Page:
When watched for a lengthy period, the mist can appear to "slide" down valleys or "pour over" small hills, a bit like cream over strawberries!
This photo was taken on Gun Hill with Bosley Cloud sitting to the left in a sea of mist and the white ellipse of the great Lovell Radio Telescope at Jodrell Bank out in the distance on the Cheshire Plain.
As the autumn advances into winter, the trees which cloak the lower slopes, in and around the Peak District, change into a kaleidoscope of gold and copper and burnished bronze, edged with garish lime greens, lemons and the dense shadows cast by the sloping sunbeams.
A walk in any of the woodlands of the National Park is a treat to the senses at this time of year - we've been out at Alderley Edge - just outside the Park boundary, overlooking Manchester.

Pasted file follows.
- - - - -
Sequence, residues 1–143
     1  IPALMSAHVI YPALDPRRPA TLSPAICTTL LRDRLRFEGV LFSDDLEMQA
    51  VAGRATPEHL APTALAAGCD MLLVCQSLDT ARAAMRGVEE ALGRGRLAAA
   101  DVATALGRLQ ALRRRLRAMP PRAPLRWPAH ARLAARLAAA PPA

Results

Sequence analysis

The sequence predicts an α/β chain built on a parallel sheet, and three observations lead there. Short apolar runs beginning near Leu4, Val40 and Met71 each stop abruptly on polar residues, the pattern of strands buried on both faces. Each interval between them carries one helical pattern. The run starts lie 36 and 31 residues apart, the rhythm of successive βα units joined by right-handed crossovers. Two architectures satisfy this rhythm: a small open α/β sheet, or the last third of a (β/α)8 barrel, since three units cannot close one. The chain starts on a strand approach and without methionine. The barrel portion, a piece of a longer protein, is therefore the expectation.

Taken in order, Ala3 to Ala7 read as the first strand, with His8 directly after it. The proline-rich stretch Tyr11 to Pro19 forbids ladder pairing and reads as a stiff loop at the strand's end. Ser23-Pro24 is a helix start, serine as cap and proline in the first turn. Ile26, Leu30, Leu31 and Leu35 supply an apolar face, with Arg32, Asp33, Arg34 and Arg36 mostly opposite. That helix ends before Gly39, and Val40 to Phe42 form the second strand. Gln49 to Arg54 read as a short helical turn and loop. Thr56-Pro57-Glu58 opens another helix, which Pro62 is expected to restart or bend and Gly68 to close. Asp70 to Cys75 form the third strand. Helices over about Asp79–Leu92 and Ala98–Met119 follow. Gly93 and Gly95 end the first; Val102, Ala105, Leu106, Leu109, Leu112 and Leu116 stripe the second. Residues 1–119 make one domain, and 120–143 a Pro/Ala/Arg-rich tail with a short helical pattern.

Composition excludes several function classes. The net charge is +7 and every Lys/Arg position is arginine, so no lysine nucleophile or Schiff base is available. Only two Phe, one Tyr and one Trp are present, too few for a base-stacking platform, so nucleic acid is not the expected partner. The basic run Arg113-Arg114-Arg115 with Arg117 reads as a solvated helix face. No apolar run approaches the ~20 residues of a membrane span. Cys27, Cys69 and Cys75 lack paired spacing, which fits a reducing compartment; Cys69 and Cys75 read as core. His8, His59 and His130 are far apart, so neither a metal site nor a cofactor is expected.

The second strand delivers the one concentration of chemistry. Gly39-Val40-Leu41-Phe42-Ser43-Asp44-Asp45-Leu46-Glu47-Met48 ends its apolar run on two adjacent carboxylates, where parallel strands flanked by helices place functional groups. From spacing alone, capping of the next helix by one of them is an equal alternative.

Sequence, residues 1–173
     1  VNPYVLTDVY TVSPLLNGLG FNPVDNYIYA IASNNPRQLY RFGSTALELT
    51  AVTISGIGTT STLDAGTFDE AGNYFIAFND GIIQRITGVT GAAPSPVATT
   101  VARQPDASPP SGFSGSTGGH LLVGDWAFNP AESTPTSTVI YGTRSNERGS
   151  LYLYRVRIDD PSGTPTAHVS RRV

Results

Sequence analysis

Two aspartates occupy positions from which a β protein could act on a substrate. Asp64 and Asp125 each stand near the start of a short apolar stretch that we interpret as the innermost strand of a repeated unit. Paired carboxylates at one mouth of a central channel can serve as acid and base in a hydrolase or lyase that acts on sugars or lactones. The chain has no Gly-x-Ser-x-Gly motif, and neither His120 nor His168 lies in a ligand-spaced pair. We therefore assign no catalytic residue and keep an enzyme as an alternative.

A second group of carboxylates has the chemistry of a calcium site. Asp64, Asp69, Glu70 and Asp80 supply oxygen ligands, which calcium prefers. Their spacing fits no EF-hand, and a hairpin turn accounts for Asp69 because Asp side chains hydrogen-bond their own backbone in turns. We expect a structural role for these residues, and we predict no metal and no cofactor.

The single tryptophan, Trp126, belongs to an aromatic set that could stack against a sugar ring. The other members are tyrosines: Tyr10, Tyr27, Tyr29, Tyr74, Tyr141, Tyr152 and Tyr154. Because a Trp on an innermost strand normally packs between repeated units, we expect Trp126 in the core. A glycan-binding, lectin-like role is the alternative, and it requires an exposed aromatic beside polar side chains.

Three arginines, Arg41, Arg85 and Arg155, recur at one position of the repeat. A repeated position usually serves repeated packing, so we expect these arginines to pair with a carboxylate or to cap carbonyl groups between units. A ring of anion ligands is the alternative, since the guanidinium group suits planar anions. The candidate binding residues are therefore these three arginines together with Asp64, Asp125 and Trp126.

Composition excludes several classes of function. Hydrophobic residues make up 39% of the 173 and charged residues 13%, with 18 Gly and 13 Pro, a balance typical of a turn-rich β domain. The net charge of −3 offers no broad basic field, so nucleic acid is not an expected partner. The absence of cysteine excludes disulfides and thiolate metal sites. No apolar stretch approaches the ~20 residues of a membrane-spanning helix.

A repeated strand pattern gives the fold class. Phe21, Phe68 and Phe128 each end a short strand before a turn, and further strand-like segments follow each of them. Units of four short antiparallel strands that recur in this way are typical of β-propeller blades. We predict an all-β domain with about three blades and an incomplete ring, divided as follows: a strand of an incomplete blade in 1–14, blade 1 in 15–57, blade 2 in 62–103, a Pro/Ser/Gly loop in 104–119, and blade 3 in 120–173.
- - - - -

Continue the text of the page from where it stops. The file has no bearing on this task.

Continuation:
Such a day cries out for some good poetry!
Whim Wood by Katherine Towers
into the coppery halls
of beech and intricate oak
to be close to the trees
as they whisper together
let fall their leaves,
and we die for the winter
The dreadful wet weather of the last few weeks has made walking in the countryside less than pleasurable. The paths are slippery, the fields are boggy to the point where long stretches involve sploshing through calf-deep puddles. As the rain started to ease to an intermittent drizzle on Thursday, we took a gentle plod round Tittesworth Water (the lake in the valley below Roachside).
Periodically, a watery sun broke through just enough to project a weak rainbow across the sky above the Roaches Ridge. That's Roachside Cottage in the centre of the picture, on the edge of the moorland.